She first encountered Senator Sasse when she was in high school and attended a debate between Sasse and competitor Dave Domina. “I wasn’t really interested in politics at the time so I had no way of predicting that I would be working for him someday,” she said. She met him again when she was working in D.C. with the lobbying firm at an event for Nebraskans on Capitol Hill. After interning in his office, she also crossed paths with him at York College, as he was the commencement speaker at her graduation.

Balancing the demands of the classroom and internships in another city during her senior year was a challenge. “If it wasn’t for Dr. Lones working with me I definitely wouldn’t have been able to do it,” she said, noting that he adjusted her schedule to give her the flexibility she needed. Christi Lones, assistant professor of history, and Dr. Jaclyn Spivey, assistant professor of psychology, met with her frequently as well, giving her the guidance and support she needed for success.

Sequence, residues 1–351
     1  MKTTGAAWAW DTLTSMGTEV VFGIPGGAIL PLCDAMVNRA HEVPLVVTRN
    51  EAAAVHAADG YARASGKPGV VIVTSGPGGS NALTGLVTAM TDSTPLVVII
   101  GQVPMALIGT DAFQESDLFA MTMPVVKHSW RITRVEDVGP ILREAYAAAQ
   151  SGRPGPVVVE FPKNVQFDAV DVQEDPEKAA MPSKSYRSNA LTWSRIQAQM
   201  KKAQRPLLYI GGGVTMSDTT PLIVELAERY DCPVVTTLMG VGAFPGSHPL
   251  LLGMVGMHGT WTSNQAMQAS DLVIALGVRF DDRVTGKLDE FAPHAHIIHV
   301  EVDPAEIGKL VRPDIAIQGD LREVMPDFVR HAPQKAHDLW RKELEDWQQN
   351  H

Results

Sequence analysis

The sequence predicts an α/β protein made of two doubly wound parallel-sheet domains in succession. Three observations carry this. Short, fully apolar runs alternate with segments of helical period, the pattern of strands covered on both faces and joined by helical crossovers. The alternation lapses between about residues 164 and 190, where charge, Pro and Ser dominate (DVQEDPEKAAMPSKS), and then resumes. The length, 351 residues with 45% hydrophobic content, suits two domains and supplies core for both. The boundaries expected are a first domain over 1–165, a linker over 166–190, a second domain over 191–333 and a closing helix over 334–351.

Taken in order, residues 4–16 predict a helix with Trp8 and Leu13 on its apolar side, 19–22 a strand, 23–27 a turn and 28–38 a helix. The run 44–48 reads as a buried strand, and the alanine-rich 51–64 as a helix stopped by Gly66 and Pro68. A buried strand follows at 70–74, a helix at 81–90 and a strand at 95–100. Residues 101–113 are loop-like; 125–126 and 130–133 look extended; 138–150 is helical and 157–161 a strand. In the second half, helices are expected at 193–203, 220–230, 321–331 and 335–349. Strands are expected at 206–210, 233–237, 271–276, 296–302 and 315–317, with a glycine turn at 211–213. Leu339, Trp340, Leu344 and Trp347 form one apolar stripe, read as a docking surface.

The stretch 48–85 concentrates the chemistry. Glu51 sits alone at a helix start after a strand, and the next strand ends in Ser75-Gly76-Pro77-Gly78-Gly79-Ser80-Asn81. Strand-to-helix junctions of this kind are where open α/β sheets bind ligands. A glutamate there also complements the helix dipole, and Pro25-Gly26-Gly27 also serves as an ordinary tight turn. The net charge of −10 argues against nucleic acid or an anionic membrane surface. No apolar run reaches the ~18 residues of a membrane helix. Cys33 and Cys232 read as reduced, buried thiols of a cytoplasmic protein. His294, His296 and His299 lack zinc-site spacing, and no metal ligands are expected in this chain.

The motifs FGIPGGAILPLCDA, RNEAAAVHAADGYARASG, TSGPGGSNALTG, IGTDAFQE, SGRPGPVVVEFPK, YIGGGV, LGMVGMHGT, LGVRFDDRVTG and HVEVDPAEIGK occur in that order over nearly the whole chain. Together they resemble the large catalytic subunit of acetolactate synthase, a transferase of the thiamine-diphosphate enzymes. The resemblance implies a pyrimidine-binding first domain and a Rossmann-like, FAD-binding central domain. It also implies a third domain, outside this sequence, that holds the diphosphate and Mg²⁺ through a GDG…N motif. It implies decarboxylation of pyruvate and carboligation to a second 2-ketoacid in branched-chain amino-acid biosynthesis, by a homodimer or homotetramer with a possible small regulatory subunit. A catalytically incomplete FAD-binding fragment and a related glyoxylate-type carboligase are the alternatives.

“They definitely get all the credit for where I am now,” she said.

The Loneses turned the compliment back on her. “Sam is one of the hardest working students I’ve ever met,” said Christi Lones. Billy Lones noted that Jerabek was offered several other internship opportunities and curated these extracurricular pursuits very intentionally.

PictureOverlooking the Capitol Mall in D.C.
A major challenge was that these internships paid in experience, not dollars. Jerabek sold some of her cattle (she maintains a herd of 25 head of cattle separate from her family’s stock) and also worked at a shoe store to finance her education and internship opportunities.